Japan is the birthplace of the Kyoto Protocol, which only adds to the popularity of the global warming pact here. In an Asahi newspaper telephone poll last November, 79 percent of respondents said they believed that global warming was their "own problem."
Last month, Mr. Koizumi's entire cabinet approved casual business dress guidelines, a first for Japan. The policy calls on government officials "during June through the end of September, to work with light clothes with moderation that would not deviate from social norm, except for unavoidable situations brought about by diplomatic protocol, etc."
Bureaucrats mortified by informality can wear pins blaming their casual look on the national drive to meet Kyoto targets: "28 degrees/we are in the summer casual dress campaign to achieve minus 6 percent."
But salarymen are not expected to surrender their dark suits without a fight. On a recent afternoon in Otemachi, Tokyo's financial district, men on their lunch breaks predicted little loosening of one of the world's most conservative dress codes.
"The main obstacle is outside the company," said Seiichiro Yabui, a 36-year-old salesman. "How you appear when you meet clients, especially old clients."
Noriyuki Ushiyama, 51, agreed. "In Japan, the relationship toward the customers is a very delicate one," he said. "For a dress code change to become real, you have to start right there."
Members of the Diet have worried that going tieless would erode "the authority of the Diet." Others have worried about live TV broadcasts.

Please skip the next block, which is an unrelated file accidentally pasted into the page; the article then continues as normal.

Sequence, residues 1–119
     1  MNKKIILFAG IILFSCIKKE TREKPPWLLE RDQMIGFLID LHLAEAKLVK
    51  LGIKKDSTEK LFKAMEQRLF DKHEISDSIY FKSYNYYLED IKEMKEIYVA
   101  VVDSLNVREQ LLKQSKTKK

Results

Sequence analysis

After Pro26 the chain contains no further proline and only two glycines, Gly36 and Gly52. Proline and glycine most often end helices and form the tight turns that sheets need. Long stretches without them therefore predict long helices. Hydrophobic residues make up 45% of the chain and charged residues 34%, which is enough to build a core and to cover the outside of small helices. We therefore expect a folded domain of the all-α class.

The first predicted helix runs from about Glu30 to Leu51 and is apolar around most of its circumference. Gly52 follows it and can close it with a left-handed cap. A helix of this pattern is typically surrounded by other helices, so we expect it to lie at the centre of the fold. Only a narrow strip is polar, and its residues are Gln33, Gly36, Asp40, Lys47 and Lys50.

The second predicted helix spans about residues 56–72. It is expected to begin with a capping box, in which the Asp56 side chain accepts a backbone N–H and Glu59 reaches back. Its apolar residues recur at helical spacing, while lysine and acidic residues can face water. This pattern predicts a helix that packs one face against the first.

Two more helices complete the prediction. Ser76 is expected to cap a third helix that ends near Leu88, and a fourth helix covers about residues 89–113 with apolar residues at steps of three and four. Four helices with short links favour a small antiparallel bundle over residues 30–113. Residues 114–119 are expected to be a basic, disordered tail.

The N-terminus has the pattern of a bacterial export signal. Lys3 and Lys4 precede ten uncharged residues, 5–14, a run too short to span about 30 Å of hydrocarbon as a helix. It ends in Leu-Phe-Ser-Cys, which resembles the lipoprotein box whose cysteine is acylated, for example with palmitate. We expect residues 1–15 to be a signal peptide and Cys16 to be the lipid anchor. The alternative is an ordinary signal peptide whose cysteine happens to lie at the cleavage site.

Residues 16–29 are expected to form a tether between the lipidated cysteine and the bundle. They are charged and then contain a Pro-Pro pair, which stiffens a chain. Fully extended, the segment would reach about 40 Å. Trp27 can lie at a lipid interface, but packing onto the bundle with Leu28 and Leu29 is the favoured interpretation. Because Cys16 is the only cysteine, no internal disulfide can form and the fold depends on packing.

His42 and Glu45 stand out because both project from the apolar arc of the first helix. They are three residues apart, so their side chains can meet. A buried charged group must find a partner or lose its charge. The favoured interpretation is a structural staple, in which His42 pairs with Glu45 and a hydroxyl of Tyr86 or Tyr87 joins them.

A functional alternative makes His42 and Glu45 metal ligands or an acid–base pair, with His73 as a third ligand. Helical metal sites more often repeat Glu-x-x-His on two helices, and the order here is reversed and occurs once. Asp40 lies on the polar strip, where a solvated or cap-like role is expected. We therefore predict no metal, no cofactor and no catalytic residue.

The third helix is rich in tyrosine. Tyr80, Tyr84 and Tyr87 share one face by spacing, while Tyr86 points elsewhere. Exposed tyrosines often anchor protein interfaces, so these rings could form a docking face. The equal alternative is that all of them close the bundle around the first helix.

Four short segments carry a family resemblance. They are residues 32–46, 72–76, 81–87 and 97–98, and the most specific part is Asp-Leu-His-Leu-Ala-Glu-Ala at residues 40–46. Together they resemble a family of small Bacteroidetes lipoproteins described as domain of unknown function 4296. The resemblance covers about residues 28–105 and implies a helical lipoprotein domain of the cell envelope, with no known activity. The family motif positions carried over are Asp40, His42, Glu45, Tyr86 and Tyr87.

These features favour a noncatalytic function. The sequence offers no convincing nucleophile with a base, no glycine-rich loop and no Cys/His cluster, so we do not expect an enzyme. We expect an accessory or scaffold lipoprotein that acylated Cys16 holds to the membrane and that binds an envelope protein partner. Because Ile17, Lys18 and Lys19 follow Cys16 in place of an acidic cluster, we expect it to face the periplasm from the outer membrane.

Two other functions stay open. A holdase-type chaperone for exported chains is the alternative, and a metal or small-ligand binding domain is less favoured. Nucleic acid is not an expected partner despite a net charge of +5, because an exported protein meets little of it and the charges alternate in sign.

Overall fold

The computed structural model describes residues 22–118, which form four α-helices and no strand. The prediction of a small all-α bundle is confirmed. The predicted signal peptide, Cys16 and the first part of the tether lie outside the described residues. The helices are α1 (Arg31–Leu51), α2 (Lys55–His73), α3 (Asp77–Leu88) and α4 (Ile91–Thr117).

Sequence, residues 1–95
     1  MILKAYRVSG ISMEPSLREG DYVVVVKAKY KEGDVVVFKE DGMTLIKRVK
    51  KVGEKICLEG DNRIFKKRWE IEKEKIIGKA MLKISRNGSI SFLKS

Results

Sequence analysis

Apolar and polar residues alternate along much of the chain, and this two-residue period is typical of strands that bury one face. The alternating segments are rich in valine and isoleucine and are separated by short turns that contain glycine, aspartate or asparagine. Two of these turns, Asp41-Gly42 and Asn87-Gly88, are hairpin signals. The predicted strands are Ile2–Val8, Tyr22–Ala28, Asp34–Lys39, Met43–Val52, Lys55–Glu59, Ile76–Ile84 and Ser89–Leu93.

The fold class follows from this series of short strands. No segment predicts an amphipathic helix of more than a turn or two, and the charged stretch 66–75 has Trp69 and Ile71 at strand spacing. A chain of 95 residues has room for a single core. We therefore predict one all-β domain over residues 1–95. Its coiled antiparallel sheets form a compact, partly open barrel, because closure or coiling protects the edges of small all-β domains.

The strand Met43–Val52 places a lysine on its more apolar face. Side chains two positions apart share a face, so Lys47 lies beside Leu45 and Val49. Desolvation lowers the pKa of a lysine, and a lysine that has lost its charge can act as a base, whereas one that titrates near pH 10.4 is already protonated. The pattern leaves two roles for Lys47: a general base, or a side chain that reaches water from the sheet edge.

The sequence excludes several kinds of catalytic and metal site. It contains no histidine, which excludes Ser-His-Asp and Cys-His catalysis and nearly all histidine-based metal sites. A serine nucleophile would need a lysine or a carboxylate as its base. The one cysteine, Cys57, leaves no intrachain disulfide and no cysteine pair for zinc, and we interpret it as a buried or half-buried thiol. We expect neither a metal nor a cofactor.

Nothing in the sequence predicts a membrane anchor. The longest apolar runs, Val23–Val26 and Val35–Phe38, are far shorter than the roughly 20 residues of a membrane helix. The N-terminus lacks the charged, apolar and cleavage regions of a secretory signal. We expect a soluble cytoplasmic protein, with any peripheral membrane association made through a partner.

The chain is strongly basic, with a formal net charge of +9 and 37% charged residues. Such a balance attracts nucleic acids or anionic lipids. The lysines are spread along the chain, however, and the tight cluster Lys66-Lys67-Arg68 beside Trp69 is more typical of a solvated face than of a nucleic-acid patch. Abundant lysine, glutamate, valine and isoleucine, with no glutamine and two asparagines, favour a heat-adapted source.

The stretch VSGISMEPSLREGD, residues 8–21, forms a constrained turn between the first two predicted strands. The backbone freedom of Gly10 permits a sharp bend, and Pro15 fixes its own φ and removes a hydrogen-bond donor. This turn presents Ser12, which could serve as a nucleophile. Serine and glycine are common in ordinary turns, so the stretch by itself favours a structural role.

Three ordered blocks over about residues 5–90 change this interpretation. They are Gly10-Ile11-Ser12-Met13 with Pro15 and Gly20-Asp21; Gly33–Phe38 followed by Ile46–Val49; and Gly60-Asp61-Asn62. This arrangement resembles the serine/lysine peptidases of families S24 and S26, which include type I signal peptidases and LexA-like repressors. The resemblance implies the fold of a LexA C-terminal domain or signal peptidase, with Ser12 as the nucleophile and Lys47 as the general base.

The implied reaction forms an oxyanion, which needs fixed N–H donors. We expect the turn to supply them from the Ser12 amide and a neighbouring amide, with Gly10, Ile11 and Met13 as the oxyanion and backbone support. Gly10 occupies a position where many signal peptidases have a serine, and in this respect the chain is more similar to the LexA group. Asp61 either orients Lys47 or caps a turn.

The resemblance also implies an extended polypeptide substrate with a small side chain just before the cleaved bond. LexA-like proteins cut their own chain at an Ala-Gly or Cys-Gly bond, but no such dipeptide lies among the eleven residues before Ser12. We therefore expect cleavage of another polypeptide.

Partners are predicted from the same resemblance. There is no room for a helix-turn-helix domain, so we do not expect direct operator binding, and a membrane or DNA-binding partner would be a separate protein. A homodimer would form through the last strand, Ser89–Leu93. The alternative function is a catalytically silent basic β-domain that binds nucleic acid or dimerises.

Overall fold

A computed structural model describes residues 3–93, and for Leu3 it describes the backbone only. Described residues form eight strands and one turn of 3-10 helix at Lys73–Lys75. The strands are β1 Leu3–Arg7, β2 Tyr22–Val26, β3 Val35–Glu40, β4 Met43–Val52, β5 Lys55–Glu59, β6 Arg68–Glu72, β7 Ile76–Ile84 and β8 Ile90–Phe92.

Several younger men have shown near panic at the idea of having to improvise a wardrobe beyond a white shirt, dark tie and black suit.
"There is something very convenient about wearing suits," said Naoto Oshima, 33, a systems engineer. "It is very easy to get dressed in the morning. I don't have to worry about what to wear to work at all."
Tomonari Kori, 25, stated flatly: "I wouldn't know what to wear if we had to dress down."
Shinro Hayashi, editor of Men's Club, Japan's oldest men's fashion magazine, traced the salaryman's comfort in the anonymity of a dark suit to a group ethic that dates back to feudal days.
"Japanese wear suits so much because of their sense of belonging to a house, sense of belonging to a clan," he said. "By wearing uniformed suits, you can hide in the uniform and not reveal your individuality."
Beyond that, the suit means business. "The suit represents, in a world language, that the guy you are talking to understands the sense of contract, the rules of business," said Mr. Hayashi, who was wearing blue jeans and a white cotton shirt with French cuffs. "Twenty years ago representatives of the Chinese Communist Party never wore suits. Look at them now."
To wean more Japanese men from their suits, the government has asked a famous cartoonist, Kenshi Hirokane, to start dressing his main character, a salaryman, in Cool Biz.
But bracing for diehard sartorial resistance, the government also is preparing to play fashion hardball.
Mr. Okuda of Toyota not only leads Japan's largest company, he is also chairman of the nation's most powerful business group, Keidanren, or the Japan Business Federation. That first Sunday in June, when he walks, or marches, down the catwalk, trailed by 12 lesser executives, it will be national news.
"Mr. Okuda is the top businessman in Japan," Mr. Hayashi said. "If he is really serious about the no-tie movement, the father of the house must demonstrate it himself."
But what happens if the following Monday morning, the business-suited legions march on to Tokyo's trains as if nothing had happened? The next step could be random, unannounced office raids by fashion police.